When Marlon Patrice tragically lost his son to knife crime in 2020, he found solace through immersing himself in nature and realized that opportunities for safe access to outdoor spaces could benefit others too. This led him to establish We Go Outside Too, a non-profit organization dedicated to providing nature-based learning, holistic workshops, and outdoor activities to intergenerational Black community members in his local area of the West Midlands. Black2Nature and Black Girls Hike are similar community-focused initiatives in the UK, while Textured Waves, a community founded by three African American female surfers, advocates for more diversity in the water and Flock Together enables birdwatchers of colour to reclaim green spaces and rebuild their relationship with nature.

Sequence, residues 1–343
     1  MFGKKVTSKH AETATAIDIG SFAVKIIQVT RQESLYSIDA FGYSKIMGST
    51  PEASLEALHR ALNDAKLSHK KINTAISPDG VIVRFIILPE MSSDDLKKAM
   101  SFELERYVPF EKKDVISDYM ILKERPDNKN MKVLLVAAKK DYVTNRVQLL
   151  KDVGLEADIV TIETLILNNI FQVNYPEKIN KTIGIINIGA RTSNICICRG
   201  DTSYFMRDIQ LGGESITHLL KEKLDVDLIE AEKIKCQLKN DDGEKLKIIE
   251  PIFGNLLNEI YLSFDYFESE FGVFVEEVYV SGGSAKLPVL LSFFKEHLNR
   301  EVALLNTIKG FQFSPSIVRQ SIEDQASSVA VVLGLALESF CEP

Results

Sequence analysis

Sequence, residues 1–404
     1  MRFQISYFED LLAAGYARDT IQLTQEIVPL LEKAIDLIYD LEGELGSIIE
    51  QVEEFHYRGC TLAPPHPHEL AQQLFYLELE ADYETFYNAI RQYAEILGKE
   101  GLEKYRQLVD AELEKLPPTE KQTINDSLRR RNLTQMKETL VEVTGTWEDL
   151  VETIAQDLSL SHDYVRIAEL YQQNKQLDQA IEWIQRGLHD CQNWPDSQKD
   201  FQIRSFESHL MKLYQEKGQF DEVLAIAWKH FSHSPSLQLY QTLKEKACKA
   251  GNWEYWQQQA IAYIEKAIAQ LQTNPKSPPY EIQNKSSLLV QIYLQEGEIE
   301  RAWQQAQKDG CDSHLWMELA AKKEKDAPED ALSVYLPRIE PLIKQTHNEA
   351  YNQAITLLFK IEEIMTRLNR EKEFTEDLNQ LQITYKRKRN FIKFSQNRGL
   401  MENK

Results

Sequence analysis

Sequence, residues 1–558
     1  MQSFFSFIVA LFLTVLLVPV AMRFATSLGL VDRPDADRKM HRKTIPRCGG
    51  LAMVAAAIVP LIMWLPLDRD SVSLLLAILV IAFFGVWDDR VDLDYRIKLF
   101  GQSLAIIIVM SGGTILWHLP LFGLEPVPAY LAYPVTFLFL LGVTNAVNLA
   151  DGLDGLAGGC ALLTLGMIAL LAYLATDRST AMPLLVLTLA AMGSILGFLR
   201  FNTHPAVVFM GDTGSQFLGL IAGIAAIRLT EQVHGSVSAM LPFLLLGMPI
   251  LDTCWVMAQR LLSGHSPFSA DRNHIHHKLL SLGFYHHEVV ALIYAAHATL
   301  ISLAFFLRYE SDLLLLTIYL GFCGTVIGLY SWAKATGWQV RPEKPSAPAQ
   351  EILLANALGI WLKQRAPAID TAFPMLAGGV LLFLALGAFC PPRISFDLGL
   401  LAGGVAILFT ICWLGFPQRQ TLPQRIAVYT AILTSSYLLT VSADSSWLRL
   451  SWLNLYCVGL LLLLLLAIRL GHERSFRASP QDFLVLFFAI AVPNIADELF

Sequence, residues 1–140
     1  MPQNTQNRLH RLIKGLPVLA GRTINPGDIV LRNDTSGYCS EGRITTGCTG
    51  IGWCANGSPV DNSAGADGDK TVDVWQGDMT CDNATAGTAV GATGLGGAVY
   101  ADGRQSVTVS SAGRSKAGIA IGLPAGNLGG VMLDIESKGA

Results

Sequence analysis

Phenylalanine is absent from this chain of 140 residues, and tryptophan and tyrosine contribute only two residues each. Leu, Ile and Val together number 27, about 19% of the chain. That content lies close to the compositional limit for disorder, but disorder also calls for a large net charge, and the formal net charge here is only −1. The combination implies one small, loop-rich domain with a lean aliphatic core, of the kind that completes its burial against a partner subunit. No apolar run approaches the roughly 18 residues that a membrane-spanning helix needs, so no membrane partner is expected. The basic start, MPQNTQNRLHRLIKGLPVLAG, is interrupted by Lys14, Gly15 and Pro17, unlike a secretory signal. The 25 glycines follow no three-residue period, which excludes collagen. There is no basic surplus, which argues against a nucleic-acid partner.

With the slow but sure rise in diversity in natural environments, utility wear and the outdoorsy aesthetic have become a trend in themselves. Bouldering, hiking, and trail running are currently among the most stylish sports, and #vanlife has over 13.5 million mentions on Instagram alone. ‘Gorpcore’, coined by The Cut in 2017 to describe the proliferation of utilitarian fashion has been on the up for the past few years, and with the increasing popularity of labels like Nike ACG and Arc’teryx, its influence is undeniable now—though most product and marketing is still heavily skewed toward men. “One of the objections that I’ve heard is like, well, you know, women probably don’t spend as much time outdoors, that there’s probably not a market there” shares Howard, who held Vice President of Marketing roles at Patagonia and Converse prior to launching Early Majority. “I just think that’s not true. And even if they’re not [outside], maybe it’s because they don’t have the right gear. I really understood why existing outdoor companies were never going to make products for people like me,” she adds, noting her professional and personal experience within the sector. “That’s why I felt like it was something I could uniquely do, and I did it on the bet that there were lots of other people out there like me who didn’t feel represented by the existing outdoor industry.”